It’s 6pm and time to go home. The primary care physician, who still has several hours of work to do, packs up her laptop and heads out the door. I’ll have dinner with the family and then do my charting after the kids go to bed, she reasons. From 9p-11pm most nights her husband can find her typing up the day’s clinic notes and working down her seemingly endless worklist. He tells a friend “its nice to have her home, it would be good to have her present.”
Do you think this scenario is unusual? Over the past several years I’ve had the opportunity to shadow primary care physicians (PCPs) and their teams across the country. One physician I shadowed, who despite being impressively facile with clicking, scrolling and smart-phrases, observed, “my notes take longer than my visits.” Many physicians leave the office with undocumented charts hanging over their heads, knowing they will have to be done at home after the kids are in bed or on the weekend.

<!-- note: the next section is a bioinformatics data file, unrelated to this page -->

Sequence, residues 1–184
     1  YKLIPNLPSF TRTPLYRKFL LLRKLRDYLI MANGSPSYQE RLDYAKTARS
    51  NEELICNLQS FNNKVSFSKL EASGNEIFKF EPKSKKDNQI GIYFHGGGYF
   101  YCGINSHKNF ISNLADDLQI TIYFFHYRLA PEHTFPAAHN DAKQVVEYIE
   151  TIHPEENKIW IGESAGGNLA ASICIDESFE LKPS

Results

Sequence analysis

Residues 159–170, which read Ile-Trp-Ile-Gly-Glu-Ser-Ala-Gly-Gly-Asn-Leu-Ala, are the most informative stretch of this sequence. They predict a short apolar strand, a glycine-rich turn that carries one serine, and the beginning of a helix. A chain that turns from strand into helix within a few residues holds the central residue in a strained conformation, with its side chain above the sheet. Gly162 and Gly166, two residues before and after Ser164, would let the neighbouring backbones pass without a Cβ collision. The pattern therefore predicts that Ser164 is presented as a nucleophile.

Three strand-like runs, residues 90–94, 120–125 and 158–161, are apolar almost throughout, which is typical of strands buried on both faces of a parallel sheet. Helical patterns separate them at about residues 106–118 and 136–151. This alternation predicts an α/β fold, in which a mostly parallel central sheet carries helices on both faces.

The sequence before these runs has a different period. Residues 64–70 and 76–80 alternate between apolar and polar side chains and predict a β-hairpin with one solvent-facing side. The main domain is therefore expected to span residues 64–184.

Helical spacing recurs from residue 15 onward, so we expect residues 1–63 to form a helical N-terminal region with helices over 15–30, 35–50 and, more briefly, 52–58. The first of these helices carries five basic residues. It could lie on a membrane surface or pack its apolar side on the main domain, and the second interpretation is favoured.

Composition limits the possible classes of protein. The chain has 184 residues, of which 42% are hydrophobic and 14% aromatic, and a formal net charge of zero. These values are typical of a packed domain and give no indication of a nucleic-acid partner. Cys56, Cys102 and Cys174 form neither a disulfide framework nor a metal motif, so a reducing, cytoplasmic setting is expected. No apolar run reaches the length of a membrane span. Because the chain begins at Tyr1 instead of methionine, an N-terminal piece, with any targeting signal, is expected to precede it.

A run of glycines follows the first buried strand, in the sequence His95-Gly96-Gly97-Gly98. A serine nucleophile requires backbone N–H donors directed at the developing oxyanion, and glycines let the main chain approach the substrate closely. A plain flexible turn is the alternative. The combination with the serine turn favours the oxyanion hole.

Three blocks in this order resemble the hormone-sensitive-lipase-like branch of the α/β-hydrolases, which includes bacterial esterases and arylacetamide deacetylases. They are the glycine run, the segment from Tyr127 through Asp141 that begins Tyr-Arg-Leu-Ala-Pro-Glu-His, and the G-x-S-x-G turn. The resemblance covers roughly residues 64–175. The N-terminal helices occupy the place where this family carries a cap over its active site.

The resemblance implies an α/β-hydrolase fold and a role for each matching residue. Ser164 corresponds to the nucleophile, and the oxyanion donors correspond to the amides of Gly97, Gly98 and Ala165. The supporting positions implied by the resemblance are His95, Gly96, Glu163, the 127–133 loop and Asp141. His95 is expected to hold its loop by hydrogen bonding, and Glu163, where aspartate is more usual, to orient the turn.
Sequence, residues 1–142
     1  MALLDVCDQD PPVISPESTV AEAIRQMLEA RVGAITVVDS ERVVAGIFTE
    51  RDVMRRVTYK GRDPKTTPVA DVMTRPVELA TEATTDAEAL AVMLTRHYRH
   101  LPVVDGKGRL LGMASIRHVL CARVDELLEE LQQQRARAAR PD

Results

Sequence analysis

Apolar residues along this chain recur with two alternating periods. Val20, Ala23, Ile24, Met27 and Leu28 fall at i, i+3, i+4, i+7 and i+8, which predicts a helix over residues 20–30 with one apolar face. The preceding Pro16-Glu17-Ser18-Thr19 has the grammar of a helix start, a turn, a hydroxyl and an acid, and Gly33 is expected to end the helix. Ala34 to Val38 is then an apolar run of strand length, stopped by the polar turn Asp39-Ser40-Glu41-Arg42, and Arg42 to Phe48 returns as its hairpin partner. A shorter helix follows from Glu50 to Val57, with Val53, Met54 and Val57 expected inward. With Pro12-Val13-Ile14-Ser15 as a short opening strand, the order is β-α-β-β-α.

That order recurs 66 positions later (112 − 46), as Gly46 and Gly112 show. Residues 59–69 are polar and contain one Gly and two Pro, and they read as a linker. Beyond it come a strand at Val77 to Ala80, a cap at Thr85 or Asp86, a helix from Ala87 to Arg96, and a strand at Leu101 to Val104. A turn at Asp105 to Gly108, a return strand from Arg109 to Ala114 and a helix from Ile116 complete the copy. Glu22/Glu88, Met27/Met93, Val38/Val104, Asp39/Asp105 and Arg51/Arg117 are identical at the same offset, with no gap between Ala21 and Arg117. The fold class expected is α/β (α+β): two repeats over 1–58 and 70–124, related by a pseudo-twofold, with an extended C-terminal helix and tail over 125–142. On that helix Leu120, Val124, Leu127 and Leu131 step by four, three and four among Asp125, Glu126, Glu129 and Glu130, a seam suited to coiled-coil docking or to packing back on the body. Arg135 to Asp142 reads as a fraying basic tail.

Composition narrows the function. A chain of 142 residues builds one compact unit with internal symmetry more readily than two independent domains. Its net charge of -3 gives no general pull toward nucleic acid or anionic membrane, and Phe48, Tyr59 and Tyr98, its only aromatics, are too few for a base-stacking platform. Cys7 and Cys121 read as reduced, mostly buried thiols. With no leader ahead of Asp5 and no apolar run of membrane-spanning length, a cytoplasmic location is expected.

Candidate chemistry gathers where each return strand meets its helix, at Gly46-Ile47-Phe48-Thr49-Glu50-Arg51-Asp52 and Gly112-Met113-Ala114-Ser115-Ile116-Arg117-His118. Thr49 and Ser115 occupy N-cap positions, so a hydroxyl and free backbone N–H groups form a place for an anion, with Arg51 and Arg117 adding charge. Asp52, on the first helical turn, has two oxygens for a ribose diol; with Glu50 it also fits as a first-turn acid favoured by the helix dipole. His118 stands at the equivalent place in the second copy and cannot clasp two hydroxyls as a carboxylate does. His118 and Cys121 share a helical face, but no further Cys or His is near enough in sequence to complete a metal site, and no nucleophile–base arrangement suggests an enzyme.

Work after work: One organization has data that 30% of their PCP’s work is done between 7p and 7am. Not exactly the ticket to job satisfaction and retention. Another organization found that their PCPs spend only 20% of their day with patients, while half of their time was spent on the computer.
Physicians like geriatrician David Reuben of UCLA and ER physician Marian Bednar of Texas, described by Katie Hafner in the New York Times today, or Drs. Mary Parsons, Joe Kim, Peter Anderson, Charlie Burger, Amy Haupert, and Kevin Hopkins described in an Annals of Family Medicine study for which I was a co-author, are pioneers, exploring a better way, a way to take back the night. By delegating much of the record keeping of medical care to trained assistants (nurses, medical assistants or scribes) these physicians have found a way to more fully attend to their patients, be present to their families during the “off-hours” and reclaim some of the joy in practice. Bravo!